Approximately 10,000 lead industry sites are estimated to survive in England, spanning nearly three millennia of mining history from the later Bronze Age (c.1000 BC) until the present day, though before the Roman period it is likely to have been on a small scale. Two hundred and fifty one lead industry sites, representing approximately 2.5% of the estimated national archaeological resource for the industry, have been identified as being of national importance. This selection of nationally important monuments, compiled and assessed through a comprehensive survey of the lead industry, is designed to represent the industry's chronological depth, technological breadth and regional diversity. Nucleated lead mines are a prominent type of field monument produced by lead mining. They consist of a range of features grouped around the adits and/or shafts of a mine. The simplest examples contain merely a shaft or adit with associated spoil tip, but more complex and (in general) later examples may include remains of engine houses for pumping and/or winding from shafts, housing, lodging shops and offices, powder houses for storing gunpowder, power transmission features such as wheel pits, dams and leats. The majority of nucleated lead mines also included ore works, where the mixture of ore and waste rock extracted from the ground was separated ('dressed') to form a smeltable concentrate. The range of processes used can be summarised as: picking out of clean lumps of ore and waste; breaking down of lumps to smaller sizes (either by manual hammering or mechanical crushing); sorting of broken material by size; separation of gravel-sized material by shaking on a sieve in a tub of water ('jigging'); and separation of finer material by washing away the lighter waste in a current of water ('buddling'). The field remains of ore works vary widely and include the remains of crushing devices, separating structures and tanks, tips of distinctive waste from the various processes, together with associated water supply and power installations, such as wheel pits and, more rarely, steam engine houses. The majority of nucleated lead mines with ore works are of 18th to 20th century date, earlier mining being normally by rake or hush and including scattered ore dressing features (a 'hush' is a gully or ravine partly excavated by use of a controlled torrent of water to reveal or exploit a vein of mineral ore). Nucleated lead mines often illustrate the great advances in industrial technology associated with the period known as the Industrial Revolution and, sometimes, also inform an understanding of the great changes in social conditions which accompanied it. Because of the greatly increased scale of working associated with nucleated mining such features can be a major component of many upland landscapes. It is estimated that several thousand sites exist, the majority being small mines of limited importance, although the important early remains of many larger mines have often been greatly modified or destroyed by continued working or by modern reworking. A sample of the better preserved sites, illustrating the regional, chronological and technological range of the class, is considered to merit protection.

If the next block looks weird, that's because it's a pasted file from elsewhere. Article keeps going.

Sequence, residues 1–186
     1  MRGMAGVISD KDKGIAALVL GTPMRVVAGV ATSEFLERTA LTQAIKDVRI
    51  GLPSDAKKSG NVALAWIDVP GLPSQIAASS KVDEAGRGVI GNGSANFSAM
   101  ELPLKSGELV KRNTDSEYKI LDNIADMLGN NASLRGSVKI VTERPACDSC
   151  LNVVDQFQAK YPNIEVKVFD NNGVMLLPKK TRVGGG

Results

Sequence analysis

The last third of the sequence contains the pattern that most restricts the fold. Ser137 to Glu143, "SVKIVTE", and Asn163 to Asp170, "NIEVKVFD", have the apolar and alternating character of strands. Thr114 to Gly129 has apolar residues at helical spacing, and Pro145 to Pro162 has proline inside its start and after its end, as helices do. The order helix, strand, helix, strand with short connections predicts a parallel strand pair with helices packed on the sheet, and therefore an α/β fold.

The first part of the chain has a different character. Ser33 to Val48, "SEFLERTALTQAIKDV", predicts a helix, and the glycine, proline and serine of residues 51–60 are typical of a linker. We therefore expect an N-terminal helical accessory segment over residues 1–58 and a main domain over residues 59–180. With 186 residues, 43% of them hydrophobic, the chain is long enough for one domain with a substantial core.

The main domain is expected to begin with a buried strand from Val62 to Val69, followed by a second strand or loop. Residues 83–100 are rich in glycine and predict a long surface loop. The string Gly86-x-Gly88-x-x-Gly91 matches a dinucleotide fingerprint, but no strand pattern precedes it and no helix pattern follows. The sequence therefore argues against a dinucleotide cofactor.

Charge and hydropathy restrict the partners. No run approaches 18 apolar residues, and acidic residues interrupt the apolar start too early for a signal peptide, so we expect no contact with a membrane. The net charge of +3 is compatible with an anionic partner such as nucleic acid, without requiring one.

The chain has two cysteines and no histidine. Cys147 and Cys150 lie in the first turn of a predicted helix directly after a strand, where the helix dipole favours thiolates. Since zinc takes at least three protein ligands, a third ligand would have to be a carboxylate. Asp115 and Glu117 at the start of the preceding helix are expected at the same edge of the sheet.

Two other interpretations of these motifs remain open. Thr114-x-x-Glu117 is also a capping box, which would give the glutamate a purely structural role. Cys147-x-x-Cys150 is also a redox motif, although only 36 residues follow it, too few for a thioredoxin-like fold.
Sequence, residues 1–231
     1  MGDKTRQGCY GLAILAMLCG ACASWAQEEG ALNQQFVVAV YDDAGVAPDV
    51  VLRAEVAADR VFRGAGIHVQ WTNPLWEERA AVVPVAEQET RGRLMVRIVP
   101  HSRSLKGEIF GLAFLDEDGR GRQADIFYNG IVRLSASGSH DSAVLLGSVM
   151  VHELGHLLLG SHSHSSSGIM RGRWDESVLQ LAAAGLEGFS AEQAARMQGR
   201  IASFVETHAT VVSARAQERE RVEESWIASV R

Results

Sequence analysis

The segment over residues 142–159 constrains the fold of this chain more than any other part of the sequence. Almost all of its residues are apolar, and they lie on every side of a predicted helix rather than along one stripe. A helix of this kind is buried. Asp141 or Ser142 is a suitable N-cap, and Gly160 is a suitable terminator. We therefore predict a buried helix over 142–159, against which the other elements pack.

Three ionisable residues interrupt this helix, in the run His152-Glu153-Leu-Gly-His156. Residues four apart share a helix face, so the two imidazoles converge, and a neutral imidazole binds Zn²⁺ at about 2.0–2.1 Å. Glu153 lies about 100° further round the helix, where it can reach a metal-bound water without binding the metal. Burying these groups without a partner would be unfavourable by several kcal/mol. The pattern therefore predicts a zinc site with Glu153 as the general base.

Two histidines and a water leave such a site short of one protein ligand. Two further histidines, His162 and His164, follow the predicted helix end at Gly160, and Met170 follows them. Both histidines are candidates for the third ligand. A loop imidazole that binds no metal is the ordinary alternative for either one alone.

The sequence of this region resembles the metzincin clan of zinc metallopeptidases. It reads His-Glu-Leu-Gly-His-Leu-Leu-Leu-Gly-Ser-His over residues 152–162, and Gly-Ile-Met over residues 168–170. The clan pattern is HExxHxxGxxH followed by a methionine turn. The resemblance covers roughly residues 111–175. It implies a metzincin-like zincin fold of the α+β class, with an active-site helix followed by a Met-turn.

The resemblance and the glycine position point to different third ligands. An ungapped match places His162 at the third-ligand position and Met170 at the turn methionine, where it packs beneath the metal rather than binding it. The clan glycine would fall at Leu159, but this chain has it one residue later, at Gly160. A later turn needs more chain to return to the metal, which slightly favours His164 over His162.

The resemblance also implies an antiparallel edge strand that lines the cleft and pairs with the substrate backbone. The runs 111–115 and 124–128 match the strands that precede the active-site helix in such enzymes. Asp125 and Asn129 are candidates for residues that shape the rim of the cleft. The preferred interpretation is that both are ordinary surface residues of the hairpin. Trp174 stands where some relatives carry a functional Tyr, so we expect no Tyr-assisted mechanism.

Beldon Burn lead mine and oreworks are well preserved and retain significant archaeological deposits. This is a good example of a small, relatively undisturbed North Pennine lead mine with two well defined and dated phases. The importance of the monument is increased by the survival of a wide range of components including some unusual features.